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I am using letsrate gem for rating https://github.com/muratguzel/letsrate
How can i sort my records by average rating?
Or do i have to write from scratch my own rating?

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closed as not a real question by Andrew Barber Apr 19 '13 at 6:03

It's difficult to tell what is being asked here. This question is ambiguous, vague, incomplete, overly broad, or rhetorical and cannot be reasonably answered in its current form. For help clarifying this question so that it can be reopened, visit the help center.If this question can be reworded to fit the rules in the help center, please edit the question.

    
In case you're looking for more options, there are a few more gems that help with rating / voting / liking. However, in your case, you might try to take a look at the class method the letsrate_rateable call adds to your model and try a few things. –  Thomas Klemm Apr 18 '13 at 12:16
    
Thank you very much. It is ridiculous that rating value cant be accessed –  Aydar Omurbekov Apr 18 '13 at 12:52
    
You could open as issue on Github? –  Thomas Klemm Apr 18 '13 at 13:26

1 Answer 1

up vote 2 down vote accepted

It is possible to sort by rating with the Letsrate gem, but because of a bug, it is a little difficult. Take for example, an app with Users who rate Cars on speed, engine, and price.

class Car < ActiveRecord::Base
  attr_accessible :name
  letsrate_rateable "speed", "engine", "price"
end

Now, you can create some users, cars, and ratings.

user = User.create!(email: 'user@example.com', password: 'password', password_confirmation: 'password')
other = User.create!(email: 'other@example.com', password: 'password', password_confirmation: 'password')

camry = Car.create!(name: 'Camry')
mustang = Car.create!(name: 'Mustang')
ferrari = Car.create!(name: 'Ferrari')

camry.rate 2, user.id, 'speed'
camry.rate 3, user.id, 'engine'
camry.rate 5, user.id, 'price'
camry.rate 4, user.id
mustang.rate 3, user.id, 'speed'
mustang.rate 4, user.id, 'engine'
mustang.rate 3, user.id, 'price'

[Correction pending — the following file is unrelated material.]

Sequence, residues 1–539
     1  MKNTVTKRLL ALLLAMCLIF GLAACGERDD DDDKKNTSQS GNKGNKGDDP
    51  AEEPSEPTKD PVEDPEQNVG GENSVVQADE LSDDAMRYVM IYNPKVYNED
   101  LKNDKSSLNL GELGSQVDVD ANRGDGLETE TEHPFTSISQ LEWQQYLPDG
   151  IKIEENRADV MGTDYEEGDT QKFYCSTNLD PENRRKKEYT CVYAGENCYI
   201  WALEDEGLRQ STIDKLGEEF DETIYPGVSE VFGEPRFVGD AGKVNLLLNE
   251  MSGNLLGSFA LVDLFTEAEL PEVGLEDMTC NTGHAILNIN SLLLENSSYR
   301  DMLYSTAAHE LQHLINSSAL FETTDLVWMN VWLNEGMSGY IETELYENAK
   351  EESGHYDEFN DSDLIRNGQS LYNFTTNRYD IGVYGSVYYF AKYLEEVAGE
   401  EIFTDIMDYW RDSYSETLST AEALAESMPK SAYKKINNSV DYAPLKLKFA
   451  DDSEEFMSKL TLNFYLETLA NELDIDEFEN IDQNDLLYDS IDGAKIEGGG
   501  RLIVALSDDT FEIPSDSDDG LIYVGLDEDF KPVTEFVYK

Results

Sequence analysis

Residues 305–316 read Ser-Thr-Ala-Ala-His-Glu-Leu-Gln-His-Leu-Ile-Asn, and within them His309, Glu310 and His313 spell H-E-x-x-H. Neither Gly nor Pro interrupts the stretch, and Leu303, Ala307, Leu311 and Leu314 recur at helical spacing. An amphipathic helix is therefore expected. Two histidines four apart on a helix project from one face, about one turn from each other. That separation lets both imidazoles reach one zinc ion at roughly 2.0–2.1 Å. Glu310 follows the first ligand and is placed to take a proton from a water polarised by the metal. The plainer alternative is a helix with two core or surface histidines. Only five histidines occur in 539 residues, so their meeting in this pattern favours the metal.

mustang.rate 3, user.id
ferrari.rate 5, user.id, 'speed'
ferrari.rate 5, user.id, 'engine'
ferrari.rate 1, user.id, 'price'
ferrari.rate 5, user.id

camry.rate 3, other.id, 'speed'
camry.rate 2, other.id, 'engine'
camry.rate 4, other.id, 'price'
camry.rate 5, other.id
mustang.rate 4, other.id, 'speed'
mustang.rate 3, other.id, 'engine'
mustang.rate 3, other.id, 'price'
mustang.rate 4, other.id
ferrari.rate 5, other.id, 'speed'
ferrari.rate 4, other.id, 'engine'
ferrari.rate 1, other.id, 'price'
ferrari.rate 4, other.id

It is easy to sort based on the overall rating, with no dimension, by joining with the rate_average_without_dimension association:

Car.joins(:rate_average_without_dimension).order('rating_caches.avg DESC')

You could scope this out as

scope :sorted_by_rating_without_dimension, joins(:rate_average_without_dimension).order('rating_caches.avg DESC')
scope :top_ten_without_dimension, sorted_by_rating_without_dimension.limit(10)

And now you can include a 'Top 10' list:

Car.top_ten_without_dimension

However, what if you want a 'Top 10 Engines' or 'Best Value' list? It should be as simple as

Car.joins(:engine_average).order('rating_caches.avg DESC')
Car.joins(:price_average).order('rating_caches.avg DESC')

But, you'll get an error

ActiveRecord::ConfigurationError: Association named 'engine_average' was not found; perhaps you misspelled it

This is because Letsrate creates its associations with strings instead of symbols. As a workaround, you can change your letsrate_rateable call to the following:

DIMENSIONS = ["speed", "engine", "price"]
letsrate_rateable *DIMENSIONS

DIMENSIONS.each do |dimension|
  has_one :"#{dimension}_average", :as => :cacheable, :class_name => "RatingCache", :dependent => :destroy, :conditions => {:dimension => dimension.to_s}
end

(note the : in front of the "#{dimension}_average" interpolation).

Now, you can use

Car.joins(:engine_average).order('rating_caches.avg DESC')

Or as scopes,

scope :sorted_by_engine_rating, joins(:engine_average).order('rating_caches.avg DESC')
scope :top_ten_engines, sorted_by_engine_rating.limit(10)

I have submitted a pull request that fixes this bug. Feel free to comment or give it a +1 to get it accepted.

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Benjamin thank you very much for you help! Now it doesn't show records who has no rating value and sorted_by_engine_rating.limit(10) raises undefined local variable or method `sorted_by_rating_without_dimension'. –  Aydar Omurbekov Apr 19 '13 at 8:02
    
No problem! If you're running an older version of Rails, you might need to use a lambda for the nested scopes. scope :sorted_by_engine_rating, lambda { joins(:engine_average).order('rating_caches.avg DESC') }; scope :top_ten_engines, lambda { sorted_by_engine_rating.limit(10) } –  Benjamin Manns Apr 19 '13 at 14:36
    
To include cars without ratings, use includes(:engine_average) instead of joins(:engine_average). –  Benjamin Manns Apr 19 '13 at 14:40
    
Oh, great, thank you again! –  Aydar Omurbekov Apr 19 '13 at 15:31

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